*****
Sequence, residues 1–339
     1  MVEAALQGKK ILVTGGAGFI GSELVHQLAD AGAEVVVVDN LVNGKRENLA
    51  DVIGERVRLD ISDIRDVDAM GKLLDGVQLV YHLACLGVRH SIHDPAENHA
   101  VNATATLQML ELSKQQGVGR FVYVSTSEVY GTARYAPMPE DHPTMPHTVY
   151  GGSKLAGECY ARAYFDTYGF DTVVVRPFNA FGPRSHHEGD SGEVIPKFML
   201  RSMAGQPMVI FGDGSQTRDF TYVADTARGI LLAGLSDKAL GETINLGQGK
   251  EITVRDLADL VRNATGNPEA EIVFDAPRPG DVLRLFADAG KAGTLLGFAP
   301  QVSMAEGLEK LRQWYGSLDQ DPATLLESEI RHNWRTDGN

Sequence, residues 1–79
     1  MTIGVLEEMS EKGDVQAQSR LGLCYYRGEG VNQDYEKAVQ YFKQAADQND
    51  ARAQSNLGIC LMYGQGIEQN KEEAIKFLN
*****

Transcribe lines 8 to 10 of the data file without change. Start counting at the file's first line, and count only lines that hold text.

   301  QVSMAEGLEK LRQWYGSLDQ DPATLLESEI RHNWRTDGN

Sequence, residues 1–79
     1  MTIGVLEEMS EKGDVQAQSR LGLCYYRGEG VNQDYEKAVQ YFKQAADQND